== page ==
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In the beginning of mathematics, Number system was restricted to only integers.

then solutions of equations like $2x=5$ Needed us to extend it to rationals.

then solution of $x^2=\frac{1}{2}$ needed us to extend it to irrational.

Then solutions of $x^2=-1$ needed us to extend it too complex as well.

So considering this analogy solution of $f(x)=a,a \in A$ may not belong to A necessarily, Thus can we not say that numbers beyond complex numbers may exist.

ie. If $f(x)=z,z \in C$ but $x \notin C$

Is there any fundamental theorem which restricts this extension, Are there any clues of this extension, Please discuss and help.

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  • $\begingroup$ If you mean numbers that are the zero of a polynomial in $\Bbb C$ then no because $\Bbb C$ is algebraically closed, meaning any polynomial with coefficients in it has a root in it. $\endgroup$ – John Cataldo Jun 5 '18 at 17:18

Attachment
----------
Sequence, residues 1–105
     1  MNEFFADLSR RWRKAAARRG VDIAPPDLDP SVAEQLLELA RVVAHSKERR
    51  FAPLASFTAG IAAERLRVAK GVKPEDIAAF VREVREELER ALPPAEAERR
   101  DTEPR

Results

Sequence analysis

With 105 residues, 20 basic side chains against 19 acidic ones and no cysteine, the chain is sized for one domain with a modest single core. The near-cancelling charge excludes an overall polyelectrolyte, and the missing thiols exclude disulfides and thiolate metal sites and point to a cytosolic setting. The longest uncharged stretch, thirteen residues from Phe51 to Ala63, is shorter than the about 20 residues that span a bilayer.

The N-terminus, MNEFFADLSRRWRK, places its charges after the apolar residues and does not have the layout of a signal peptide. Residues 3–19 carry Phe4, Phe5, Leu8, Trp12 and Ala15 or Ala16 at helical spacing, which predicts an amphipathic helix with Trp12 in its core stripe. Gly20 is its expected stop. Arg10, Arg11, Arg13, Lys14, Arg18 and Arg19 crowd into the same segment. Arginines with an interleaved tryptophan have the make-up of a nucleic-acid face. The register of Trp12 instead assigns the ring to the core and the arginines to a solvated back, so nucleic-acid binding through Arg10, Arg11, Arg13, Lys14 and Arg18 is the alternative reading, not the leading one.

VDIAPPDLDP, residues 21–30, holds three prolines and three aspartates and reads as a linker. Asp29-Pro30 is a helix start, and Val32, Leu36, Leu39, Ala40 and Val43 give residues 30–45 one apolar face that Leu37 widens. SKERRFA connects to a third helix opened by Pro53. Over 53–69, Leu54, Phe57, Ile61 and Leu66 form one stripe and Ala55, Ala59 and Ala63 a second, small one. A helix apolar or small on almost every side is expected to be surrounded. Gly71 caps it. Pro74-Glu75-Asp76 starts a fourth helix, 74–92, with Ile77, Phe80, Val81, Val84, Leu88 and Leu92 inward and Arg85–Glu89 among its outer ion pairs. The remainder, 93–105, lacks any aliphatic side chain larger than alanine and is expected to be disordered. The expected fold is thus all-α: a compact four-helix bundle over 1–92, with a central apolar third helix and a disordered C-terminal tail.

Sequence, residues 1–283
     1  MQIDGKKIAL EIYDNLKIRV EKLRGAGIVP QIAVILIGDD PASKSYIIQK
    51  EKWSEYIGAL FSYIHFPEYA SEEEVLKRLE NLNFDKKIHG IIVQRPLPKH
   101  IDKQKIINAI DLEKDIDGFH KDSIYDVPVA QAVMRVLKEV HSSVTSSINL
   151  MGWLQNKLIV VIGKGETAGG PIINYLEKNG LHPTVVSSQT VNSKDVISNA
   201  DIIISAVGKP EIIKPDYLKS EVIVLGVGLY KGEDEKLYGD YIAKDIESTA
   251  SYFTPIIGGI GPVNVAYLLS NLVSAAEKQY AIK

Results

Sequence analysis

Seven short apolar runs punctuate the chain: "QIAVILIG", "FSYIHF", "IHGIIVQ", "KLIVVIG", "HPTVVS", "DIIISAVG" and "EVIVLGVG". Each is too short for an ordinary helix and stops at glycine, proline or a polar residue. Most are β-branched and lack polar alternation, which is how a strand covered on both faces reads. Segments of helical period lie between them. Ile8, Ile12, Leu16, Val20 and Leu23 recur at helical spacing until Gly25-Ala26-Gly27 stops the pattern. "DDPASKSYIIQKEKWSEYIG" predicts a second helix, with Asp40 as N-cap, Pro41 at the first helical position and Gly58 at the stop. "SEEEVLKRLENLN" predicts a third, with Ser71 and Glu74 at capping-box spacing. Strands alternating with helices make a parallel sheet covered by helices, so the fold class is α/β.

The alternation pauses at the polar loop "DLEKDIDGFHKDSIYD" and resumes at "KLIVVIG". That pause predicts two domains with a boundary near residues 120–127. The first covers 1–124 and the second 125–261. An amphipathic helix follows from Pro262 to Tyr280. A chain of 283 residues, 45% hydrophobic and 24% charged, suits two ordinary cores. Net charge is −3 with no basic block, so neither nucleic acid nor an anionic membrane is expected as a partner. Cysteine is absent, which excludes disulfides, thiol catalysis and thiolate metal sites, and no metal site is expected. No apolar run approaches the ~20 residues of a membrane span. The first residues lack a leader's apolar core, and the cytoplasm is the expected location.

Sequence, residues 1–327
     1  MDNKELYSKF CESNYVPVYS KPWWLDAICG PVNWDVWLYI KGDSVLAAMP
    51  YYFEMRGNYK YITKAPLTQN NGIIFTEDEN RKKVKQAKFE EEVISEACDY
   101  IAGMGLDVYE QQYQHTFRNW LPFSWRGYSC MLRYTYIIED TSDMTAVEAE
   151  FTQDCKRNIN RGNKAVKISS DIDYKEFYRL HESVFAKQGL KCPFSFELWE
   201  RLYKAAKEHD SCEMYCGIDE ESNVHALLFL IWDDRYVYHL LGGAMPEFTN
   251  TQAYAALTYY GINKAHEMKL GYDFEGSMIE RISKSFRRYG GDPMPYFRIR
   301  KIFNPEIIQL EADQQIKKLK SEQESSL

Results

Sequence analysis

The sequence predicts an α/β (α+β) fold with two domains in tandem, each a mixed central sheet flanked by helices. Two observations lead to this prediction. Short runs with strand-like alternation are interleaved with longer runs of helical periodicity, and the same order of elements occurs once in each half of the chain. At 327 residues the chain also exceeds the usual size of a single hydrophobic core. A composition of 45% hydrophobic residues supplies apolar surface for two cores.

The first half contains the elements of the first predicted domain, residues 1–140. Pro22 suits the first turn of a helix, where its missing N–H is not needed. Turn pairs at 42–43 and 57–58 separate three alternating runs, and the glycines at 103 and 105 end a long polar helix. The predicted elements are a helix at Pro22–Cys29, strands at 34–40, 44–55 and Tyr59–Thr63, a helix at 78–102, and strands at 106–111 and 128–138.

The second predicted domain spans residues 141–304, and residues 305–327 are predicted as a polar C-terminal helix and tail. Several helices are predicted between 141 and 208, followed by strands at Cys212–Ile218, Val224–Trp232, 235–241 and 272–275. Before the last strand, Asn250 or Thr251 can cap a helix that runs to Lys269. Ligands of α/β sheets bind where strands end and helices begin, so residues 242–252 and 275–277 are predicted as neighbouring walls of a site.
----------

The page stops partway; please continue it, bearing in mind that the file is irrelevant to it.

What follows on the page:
• $\begingroup$ Well, Quaternions exist. $\endgroup$ – Rhys Hughes Jun 5 '18 at 17:18
  • $\begingroup$ @RhysHughes Thank you and it would be of great help if you let me know what king of equation can be solved only using quaternions $\endgroup$ – Maths textbook Jun 5 '18 at 17:21
  • $\begingroup$ Quaternions exist indeed but as John states, $\mathbb{C}$ is algebraically closed. Hence, there is no such extension from $\mathbb{C}$ to the quaternions. $\endgroup$ – Stan Tendijck Jun 5 '18 at 17:32